Fiberglass pools are sold in a variety of sizes and shapes, but there are some design limitations. Due to trucking requirements, fiberglass pools max out at about 16 feet by 40 feet. This is still a large pool, but it’s on the small side of large. Typically, fiberglass pools are no deeper than 8 feet. Like prefabricated hot tubs, fiberglass pools usually have built-in steps and/or seating.

Compare How Much a Fiberglass Swimming Pool Costs?

Fiberglass swimming pools are slightly less expensive than concrete pools, usually ranging from $20,000 to $40,000, not including decking or patio. Again, optional features such as heaters, lights, slides and automatic pool covers will add to the total purchase price.

Fiberglass Pool Installation

Installation of a fiberglass pool is much faster than with concrete. The process usually takes a matter of weeks, rather than several months. Often, installers will give you two options: complete installation or just a drop off. With complete installation, the company will handle everything from excavation to filling the pool. When they’re done, you’ll be ready to swim. If you opt for a drop off, you’re in charge of installation - whether you do it yourself or act as a general contractor by hiring a variety of subcontractors to do the work.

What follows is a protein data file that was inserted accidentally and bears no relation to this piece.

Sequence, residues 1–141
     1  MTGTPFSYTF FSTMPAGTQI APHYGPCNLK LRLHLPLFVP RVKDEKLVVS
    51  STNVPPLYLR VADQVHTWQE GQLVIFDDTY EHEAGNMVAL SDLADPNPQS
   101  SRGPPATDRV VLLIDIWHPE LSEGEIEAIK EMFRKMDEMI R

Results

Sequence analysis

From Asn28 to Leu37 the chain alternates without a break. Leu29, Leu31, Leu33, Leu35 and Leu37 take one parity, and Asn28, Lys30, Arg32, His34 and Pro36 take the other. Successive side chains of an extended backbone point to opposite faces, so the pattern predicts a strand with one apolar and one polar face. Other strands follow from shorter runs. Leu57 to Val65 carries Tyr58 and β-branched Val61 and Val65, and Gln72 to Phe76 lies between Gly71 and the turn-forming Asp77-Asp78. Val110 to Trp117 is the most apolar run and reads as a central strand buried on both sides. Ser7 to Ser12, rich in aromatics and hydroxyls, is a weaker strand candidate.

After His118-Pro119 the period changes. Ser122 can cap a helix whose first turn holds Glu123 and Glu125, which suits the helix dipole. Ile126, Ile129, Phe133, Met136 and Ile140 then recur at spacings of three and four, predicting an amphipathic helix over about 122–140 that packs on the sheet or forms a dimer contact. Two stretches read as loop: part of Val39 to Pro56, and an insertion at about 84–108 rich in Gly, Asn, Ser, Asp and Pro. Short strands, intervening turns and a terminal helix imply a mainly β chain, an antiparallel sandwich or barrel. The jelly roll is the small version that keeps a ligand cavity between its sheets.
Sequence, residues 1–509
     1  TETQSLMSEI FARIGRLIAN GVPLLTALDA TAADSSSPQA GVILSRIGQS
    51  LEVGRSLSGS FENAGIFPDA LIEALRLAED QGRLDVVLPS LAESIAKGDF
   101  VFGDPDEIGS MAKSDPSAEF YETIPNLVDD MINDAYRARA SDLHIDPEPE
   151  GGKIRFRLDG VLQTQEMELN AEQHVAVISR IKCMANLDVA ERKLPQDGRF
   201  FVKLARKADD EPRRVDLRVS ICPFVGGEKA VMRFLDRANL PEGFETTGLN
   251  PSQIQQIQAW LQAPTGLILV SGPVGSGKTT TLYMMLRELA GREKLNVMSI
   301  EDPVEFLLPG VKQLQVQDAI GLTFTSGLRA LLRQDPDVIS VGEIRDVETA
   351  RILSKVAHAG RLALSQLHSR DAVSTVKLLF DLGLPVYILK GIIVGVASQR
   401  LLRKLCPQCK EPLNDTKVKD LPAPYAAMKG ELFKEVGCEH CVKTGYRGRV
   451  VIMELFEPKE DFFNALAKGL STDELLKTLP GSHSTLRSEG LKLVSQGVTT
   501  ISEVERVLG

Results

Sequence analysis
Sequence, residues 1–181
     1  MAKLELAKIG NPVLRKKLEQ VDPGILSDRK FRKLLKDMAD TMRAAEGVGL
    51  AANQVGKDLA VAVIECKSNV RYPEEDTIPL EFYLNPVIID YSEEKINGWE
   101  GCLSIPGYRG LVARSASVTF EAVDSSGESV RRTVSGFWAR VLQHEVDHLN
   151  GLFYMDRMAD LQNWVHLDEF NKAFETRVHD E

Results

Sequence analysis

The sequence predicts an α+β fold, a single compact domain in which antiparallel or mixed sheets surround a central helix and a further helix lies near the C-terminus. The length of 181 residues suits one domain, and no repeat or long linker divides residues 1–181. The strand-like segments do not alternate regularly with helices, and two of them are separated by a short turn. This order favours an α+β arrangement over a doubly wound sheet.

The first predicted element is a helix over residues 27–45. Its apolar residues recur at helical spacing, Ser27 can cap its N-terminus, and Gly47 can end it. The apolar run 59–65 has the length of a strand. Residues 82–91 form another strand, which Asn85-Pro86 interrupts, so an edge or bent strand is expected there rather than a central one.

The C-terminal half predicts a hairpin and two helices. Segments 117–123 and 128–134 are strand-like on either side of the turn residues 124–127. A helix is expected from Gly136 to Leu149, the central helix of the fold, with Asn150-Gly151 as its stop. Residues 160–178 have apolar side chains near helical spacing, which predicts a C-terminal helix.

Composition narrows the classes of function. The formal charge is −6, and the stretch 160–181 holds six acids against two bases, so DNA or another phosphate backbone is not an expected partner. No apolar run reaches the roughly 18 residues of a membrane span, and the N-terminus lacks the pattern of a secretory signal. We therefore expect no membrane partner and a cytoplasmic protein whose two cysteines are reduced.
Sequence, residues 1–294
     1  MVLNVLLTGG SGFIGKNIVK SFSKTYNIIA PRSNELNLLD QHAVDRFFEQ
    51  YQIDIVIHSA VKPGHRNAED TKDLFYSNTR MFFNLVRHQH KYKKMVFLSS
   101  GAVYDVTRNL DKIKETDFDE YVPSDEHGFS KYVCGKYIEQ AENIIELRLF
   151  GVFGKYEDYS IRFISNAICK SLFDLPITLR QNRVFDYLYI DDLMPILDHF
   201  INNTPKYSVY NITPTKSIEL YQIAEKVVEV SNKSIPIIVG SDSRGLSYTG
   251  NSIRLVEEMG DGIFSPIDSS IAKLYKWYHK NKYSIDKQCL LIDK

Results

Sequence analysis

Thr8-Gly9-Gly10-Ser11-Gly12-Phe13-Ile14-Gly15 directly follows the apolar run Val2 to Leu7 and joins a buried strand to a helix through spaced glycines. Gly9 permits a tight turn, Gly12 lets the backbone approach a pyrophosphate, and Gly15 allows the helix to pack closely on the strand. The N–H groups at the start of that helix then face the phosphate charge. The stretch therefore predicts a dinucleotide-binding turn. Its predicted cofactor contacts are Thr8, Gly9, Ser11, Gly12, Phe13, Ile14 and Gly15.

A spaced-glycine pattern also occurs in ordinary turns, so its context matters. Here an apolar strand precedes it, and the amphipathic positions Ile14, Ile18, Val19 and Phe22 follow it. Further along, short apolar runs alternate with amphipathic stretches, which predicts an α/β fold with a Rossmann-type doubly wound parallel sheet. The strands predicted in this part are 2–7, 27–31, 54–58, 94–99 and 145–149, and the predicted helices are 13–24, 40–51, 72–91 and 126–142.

Fiberglass Pool Pros

  • Low maintenance - Fiberglass pools are nonporous, so they’re not susceptible to algae growth and require fewer chemicals. Unlike concrete pools, they never require resurfacing.
  • Easy to install - Because fiberglass pools are shipped in one piece, less site work is required. You can be swimming in your pool in a matter of weeks.
  • Shock resistant - Fiberglass is better able to absorb fluctuations in the earth’s surface. If you live in an earthquake-prone area, fiberglass in generally a better option.

Fiberglass Pool Cons

  • Limited design options - Fiberglass pools are sold in standard shapes and sizes. You can opt for round, oval or rectangular. But custom shapes and designs are not available.
  • Not ideal for diving - Because fiberglass pools are usually no deeper than eight feet, they’re not designed for diving.
  • Slippery - The surface of fiberglass pools is slippery, which creates a potential hazard, particularly on the stairs. You can avoid this by paying extra for a non-slip coating.

Author: Ashley Smith